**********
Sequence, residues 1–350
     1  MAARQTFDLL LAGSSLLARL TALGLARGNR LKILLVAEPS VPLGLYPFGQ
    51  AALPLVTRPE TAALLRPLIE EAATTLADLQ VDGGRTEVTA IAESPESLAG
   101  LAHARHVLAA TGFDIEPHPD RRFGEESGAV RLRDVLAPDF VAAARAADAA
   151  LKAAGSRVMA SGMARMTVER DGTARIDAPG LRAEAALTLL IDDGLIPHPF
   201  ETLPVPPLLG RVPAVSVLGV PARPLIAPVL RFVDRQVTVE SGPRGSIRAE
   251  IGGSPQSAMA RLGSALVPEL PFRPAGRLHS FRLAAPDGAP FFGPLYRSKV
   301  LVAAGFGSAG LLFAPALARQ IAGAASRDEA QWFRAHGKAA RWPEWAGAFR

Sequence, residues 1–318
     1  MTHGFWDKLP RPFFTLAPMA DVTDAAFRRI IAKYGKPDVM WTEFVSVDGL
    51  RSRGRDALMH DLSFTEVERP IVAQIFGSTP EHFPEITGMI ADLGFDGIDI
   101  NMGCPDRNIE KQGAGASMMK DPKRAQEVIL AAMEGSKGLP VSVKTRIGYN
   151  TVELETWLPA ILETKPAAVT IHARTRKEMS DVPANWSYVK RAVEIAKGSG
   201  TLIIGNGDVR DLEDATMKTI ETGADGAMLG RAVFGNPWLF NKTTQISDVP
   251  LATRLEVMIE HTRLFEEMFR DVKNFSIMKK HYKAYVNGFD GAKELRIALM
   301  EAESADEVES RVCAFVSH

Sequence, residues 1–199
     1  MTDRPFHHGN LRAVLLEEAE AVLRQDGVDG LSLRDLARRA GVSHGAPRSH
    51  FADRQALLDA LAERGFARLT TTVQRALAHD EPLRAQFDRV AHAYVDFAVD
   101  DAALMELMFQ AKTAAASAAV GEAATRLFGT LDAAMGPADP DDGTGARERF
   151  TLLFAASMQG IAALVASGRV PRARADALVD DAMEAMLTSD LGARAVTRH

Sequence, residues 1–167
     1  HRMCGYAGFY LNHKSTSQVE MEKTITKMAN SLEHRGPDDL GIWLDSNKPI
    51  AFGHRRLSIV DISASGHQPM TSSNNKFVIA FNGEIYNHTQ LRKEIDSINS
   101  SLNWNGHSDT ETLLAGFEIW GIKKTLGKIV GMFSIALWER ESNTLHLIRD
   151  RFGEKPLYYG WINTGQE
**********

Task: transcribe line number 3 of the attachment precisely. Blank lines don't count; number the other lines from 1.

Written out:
    51  AALPLVTRPE TAALLRPLIE EAATTLADLQ VDGGRTEVTA IAESPESLAG